Better Place Shows Off Europe's First Battery Switch Station

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Better Place has moved a bit further down the road in its quest to corner the electric vehicle market. In Denmark, the company has just unveiled Europe's first Battery Switch Station, which will serve as the cornerstone of Better Place's biggest real-world test to date.

The grand event was held at a new Better Place facility in Gladsaxe, just outside Copenhagen. The vehicle used to demonstrate the station's functionality was the Renault Fluence Z.E. -- which isn't terribly surprising, given Renault's close partnership with Better Place and its founder/frontman, Shai Agassi

Over the next nine months, additional Better Place Battery Switch Stations will be built across the country in partnership with numerous municipalities and DONG Energy. In total, Better Place aims to construct 20 such facilities in building a nationwide charging infrastructure.

The Battery Switch Stations are almost fully automated, and motorists can stay buckled up for the entire process. Drivers swipe their membership card at the entrance, and according to the company's press release, "The rest of the process is automated, similar to going through a car wash, so the driver never has to leave the car. In just a few minutes, a robotic arm removes the depleted battery and replaces it with a full one and the driver is back on the road."   

Our take

Of the many electric vehicle manufacturers vying for a piece of the consumer market, Better Place may face the toughest road ahead. While some drivers like the idea of swappable batteries, most prefer to recharge. In fact, according to a recent survey from Accenture, 62% of consumers would rather recharge, compared to the 38% who'd like to trade dead batteries for fresh ones.

Granted, 38% isn't a terrible figure -- truth be told, it's higher than we'd have thought -- and granted, the EV charging battle may not be all-or-nothing. In fact, there may be room on Planet Earth for both sorts of electric vehicles.

But Better Place still faces a huge hurdle, and that's the massive infrastructure developments that the swappable-battery model requires.

Many current EVs can charge from a standard wall plug, and in the future, even that may not be necessary if inductive charging becomes the norm. (Given the diminishing importance of wires and cables in our daily lives, we're betting/hoping that it will.)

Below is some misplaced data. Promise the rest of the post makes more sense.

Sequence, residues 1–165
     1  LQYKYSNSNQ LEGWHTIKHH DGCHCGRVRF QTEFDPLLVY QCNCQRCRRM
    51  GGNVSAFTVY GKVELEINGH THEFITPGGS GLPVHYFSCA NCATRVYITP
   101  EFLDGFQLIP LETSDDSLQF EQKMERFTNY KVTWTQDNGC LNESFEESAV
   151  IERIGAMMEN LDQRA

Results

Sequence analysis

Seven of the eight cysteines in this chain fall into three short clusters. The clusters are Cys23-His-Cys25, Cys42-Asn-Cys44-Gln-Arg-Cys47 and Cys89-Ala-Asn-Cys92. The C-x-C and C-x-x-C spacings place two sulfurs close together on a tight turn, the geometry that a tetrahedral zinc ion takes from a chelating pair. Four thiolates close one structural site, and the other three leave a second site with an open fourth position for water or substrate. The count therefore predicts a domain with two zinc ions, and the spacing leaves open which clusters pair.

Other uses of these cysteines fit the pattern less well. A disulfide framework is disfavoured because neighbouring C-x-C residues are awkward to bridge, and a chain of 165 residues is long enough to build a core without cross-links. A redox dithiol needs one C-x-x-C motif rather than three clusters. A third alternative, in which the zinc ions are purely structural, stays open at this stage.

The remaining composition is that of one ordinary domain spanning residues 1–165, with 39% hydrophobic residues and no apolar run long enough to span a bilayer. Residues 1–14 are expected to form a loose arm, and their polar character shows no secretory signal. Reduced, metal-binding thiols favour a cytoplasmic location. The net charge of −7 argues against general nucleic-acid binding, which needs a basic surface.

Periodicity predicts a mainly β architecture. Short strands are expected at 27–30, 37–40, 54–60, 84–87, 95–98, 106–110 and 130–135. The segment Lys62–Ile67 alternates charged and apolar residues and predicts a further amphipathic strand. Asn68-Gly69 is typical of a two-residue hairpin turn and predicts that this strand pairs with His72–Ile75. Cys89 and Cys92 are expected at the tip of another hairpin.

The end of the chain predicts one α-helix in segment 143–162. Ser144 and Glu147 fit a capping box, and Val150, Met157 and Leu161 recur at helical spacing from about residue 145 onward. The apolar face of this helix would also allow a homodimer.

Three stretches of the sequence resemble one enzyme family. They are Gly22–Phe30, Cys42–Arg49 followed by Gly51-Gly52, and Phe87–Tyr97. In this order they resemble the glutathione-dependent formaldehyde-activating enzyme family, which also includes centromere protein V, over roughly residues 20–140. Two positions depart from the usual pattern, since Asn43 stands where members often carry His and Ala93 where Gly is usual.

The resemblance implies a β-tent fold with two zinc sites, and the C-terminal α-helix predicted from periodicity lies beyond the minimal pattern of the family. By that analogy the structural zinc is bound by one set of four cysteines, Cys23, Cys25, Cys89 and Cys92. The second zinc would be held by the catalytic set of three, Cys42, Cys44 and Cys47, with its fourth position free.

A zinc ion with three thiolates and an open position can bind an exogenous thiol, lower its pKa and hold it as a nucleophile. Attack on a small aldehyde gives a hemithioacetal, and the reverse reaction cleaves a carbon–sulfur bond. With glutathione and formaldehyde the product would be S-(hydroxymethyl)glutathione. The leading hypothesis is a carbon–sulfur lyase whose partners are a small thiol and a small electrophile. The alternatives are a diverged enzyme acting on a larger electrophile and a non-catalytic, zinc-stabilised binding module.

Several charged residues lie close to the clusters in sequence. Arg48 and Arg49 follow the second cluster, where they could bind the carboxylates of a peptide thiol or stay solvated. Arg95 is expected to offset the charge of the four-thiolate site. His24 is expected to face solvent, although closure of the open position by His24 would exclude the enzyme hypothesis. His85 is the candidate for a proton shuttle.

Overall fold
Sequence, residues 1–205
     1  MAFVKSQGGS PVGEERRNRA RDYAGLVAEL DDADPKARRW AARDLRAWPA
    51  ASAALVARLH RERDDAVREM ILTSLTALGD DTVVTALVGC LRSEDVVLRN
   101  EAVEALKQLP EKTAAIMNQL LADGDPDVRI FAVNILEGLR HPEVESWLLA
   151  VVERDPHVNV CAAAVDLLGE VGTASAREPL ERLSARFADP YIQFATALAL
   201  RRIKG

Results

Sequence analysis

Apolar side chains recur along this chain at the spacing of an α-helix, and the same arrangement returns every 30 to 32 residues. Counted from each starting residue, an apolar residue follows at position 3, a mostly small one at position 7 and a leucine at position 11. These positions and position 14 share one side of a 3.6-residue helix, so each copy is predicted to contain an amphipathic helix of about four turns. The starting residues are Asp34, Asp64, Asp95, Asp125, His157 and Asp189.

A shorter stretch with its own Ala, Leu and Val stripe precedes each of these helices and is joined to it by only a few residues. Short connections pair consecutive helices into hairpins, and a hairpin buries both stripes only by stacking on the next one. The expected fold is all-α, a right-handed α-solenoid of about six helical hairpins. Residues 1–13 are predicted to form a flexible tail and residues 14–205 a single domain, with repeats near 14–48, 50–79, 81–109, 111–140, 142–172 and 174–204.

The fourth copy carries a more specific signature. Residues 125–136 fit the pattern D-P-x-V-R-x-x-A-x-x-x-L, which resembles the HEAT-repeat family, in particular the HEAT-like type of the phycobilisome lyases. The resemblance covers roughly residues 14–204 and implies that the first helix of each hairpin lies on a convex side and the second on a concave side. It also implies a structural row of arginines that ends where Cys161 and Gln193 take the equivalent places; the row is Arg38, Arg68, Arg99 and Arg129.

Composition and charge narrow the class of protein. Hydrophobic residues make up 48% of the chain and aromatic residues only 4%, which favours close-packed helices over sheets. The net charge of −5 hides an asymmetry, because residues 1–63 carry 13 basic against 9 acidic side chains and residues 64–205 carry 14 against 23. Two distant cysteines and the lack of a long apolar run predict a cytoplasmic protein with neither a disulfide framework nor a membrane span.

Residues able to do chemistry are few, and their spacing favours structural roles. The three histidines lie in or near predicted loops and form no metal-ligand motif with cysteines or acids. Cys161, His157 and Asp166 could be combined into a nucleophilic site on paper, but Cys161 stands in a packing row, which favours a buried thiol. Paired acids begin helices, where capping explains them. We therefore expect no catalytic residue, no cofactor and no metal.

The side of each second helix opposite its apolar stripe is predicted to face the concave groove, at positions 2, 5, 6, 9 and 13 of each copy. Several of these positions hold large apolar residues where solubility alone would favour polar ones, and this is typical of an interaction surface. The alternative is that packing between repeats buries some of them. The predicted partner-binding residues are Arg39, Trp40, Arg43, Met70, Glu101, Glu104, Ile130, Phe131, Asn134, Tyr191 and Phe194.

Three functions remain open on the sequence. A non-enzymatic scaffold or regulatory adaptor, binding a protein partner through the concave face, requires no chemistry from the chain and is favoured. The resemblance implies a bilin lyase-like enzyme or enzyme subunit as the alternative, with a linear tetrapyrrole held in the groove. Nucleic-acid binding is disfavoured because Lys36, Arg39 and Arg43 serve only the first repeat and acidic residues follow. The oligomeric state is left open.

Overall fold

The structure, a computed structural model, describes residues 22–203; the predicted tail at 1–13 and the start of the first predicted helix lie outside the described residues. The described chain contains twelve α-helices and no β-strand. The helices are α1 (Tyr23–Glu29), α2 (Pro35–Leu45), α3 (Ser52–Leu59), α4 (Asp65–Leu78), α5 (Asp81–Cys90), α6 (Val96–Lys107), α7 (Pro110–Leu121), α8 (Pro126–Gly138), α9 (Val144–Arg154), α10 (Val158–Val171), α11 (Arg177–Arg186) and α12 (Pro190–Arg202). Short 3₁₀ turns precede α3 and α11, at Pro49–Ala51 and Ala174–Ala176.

Better Place, however, requires real estate, buildings, and large-scale charging stations. And if someone comes along with a smarter, more clever battery system, who's to say that Better Place will be able to retrofit its stations to accommodate the new standard? It seems like a lot of work for an intermediate step toward an all-electric future.

But then, maybe we haven't had enough coffee to be fully optimistic this morning. Feel free to offer some counter-arguments below.

[Better Place]

 
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Comments (16)
  1. I like what MIT is researching now. Suck out the depleted electrolite and replace with fresh charged up juice. In a master of a few minutes you are on your way. Just like a gas station now .

  2. Battery swapping cries out for government mandated standards for how batteries are mounted and configured. With battery swapping, taking long trips with an EV would be practical. Otherwise a houshold would have to have at least one gasoline or diesel driven car for long trips.

  3. I'm guessing that by the time govt's agree there is a need and decide on any standards, that batteries will have technologically changed so much that it's back to committee for a new set of standards...

  4. HOW ABOUT WHAT MIT IS RESEARCHING. SUCK OUT THE DEPLETED ELECTROLYTE AND REPLACE WITH FRESH CHARGED JUICE. IN A MATTER OF MINUTES YOU ARE ARE ON YOUR WAY. JUST LIKE AN OLD FASHION GAS STATION PUMP.

  5. I had always hoped some one would research this, even years before the MIT announcement. The edifference between this and a gas station is that I can get a charge for the day in my garage and return a portion of the electrolyte to the original form. I won't be making any gasoline in my garage soon though.